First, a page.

I was reminded, flying in, how vast and rugged are the mountains of Baja California. Visitors have been doing more and more exploring recently, mostly finding routes that the locals and their livestock have been using for decades.  Some of us had hiked up the slot canyon near Ligüi years before, but this time we took the trail along the parallel ridge instead:

On another day we drove up the arroyo San Telmo, thinking to hike a trail there that we hadn’t seen before, but we were driven back by the wind.  It had been quiet for the first part of our stay, and allowed us to kayak on most mornings; but when the Loreto wind gets serious, it can stop most of us creatures in our tracks.  I did manage to bring back from that trip a picture of a handsome fig tree, seen at right.  A human (me) is included for scale.

Another activity normally available despite the wind is dining.  Two of our favorite restaurants in the whole world are on the coast north or south of town.  How heartwarming to have a waiter remember your preferences, or an owner remark on just how long you’ve been away!  (I suspect that Alejandro may have been coached.)

It’s not clear that Loreto Bay has been perfected yet, but it has certainly matured a great deal. There’s shade now here and there, a separate library close to the community center, more owners than construction workers about on the streets. Some of the units in the Posadas are occupied.  The supermercado El Portón, which once seemed like a lifeline and a stepping stone to the backcountry, has closed; but two little stores persist within the development, one of them owned by Pedro Lopez, the local restaurateur and delicatessen owner. The cook at the restaurant there turns out to be Rose, the lady who used to help take care of our garden.

Transportation is another aspect that’s changed a lot. The trans-peninsular highway has been widened from the town to the bridge at El Tular, just short of Nopoló. Gone is the rancho through whose gate we used to access the foothills; but on the other hand, I have met the guy who is building the big storage units in its place now. Parking at Loreto Bay has again become a problem, and has been given a new solution with angled spaces on the west side of the Paseo.  The new trend in bicycle travel is fat-tired beach bikes — you still get plenty of exercise, but more time can be spent in pedaling and less in pushing.

Leif contemplates the view toward Loreto Bay.

The original Loreto Bay concept envisioned most owners renting out their homes when away, through the developer itself; but a change in structure resulted in something of a free-for-all.  We rented a house with a floorplan essentially like our old one, but a block closer to the water — in fact, it’s the one where our friends John and Ruth used to stay when they came down. I liked the traditional configuration, with the extra patio at the bedroom end — it seemed a lot more private than our old place with its big side yard. Check-in didn’t go smoothly — it’s a good thing we had friends nearby and already knew our way around.  One of the security guards is a fellow we used to chat with when we walked in the evening taking our census of the gecko population.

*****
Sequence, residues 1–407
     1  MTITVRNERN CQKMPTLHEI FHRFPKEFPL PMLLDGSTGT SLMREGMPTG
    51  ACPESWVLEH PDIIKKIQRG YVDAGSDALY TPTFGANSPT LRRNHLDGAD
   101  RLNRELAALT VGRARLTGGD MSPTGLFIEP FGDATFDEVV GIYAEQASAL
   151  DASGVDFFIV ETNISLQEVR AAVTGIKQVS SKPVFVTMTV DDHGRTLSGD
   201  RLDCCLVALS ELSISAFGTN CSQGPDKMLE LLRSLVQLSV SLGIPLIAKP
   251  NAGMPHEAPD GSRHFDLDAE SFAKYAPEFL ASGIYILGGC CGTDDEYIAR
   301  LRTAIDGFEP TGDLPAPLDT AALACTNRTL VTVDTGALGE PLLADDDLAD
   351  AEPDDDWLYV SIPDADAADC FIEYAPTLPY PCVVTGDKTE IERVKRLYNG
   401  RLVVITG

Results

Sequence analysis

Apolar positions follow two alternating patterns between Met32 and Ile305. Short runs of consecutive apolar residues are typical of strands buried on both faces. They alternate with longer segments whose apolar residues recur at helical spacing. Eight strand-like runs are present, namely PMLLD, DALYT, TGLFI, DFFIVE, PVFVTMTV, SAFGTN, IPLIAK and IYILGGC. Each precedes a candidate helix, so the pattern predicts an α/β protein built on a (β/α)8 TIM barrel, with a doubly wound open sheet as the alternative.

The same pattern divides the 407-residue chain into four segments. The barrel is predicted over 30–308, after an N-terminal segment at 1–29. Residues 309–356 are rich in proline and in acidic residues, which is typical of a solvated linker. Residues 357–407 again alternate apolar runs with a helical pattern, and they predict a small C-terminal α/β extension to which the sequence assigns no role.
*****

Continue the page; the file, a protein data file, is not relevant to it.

The town of Loreto itself is reassuringly familiar.  Once-endless work on the Malecon is finally finished.  I was glad to see the guy who cleans windshields in the parking lot at El Pescador — his existence seemed precarious when I first met him a dozen years ago. The frutería that we once considered essential is long closed.  On one of our last nights we dined at the relatively new “Mi Loreto.”  It needed pointing out to me that this was the old juice bar El Cañaveral, once a favorite cycling destination, and where we used to buy our lemons, but now with more walls — for protection from the wind.

Here are a few more snapshots. For the dolphin pictures, you’ll need to visit our other blog.

By the way, one of the very first things I saw when we got to Loreto Bay was my old bicycle, parked by the security office.  It has a kick-stand now!  What an amazing link to our days under the desert sun.


The Tunnel Ride

As of this moment, Seattle’s Alaskan Way Viaduct and Battery Street Tunnel are closed forever, to be replaced by another tunnel bypassing downtown altogether.

So we just finished riding all three of these on our bikes — and by “we” I mean Alex and I and about 12,000 other people, in a giant era-changing celebration organized by the Cascade Bicycle Club.

Where the Viaduct met the old tunnel.

Fortunately, the start/finish was just a few blocks from home.  The tunnel’s northern portal is part of a maze of public and private construction that has for years been re-shaping South Lake Union, and which on this day again permits crossing State Route 99 on Harrison Street, for the first time since 1954.

It was the Nisqually earthquake of 2001, though, that spelled the end for the Viaduct.  Damage left the structure unsafe until repairs could be made, and foretold what would happen in the bigger event that is sure to come. Years were spent debating replacement options, and then more years nursing the world’s largest tunnel-boring machine along deep beneath downtown, and now — after a three-week closure of a major highway — an 18-year overnight success!  (The celebration day for pedestrians was yesterday — there were nearly 100,000 of them. about the number of vehicles the road used to carry.)

Riders exiting the Downtown Tunnel’s south entrance.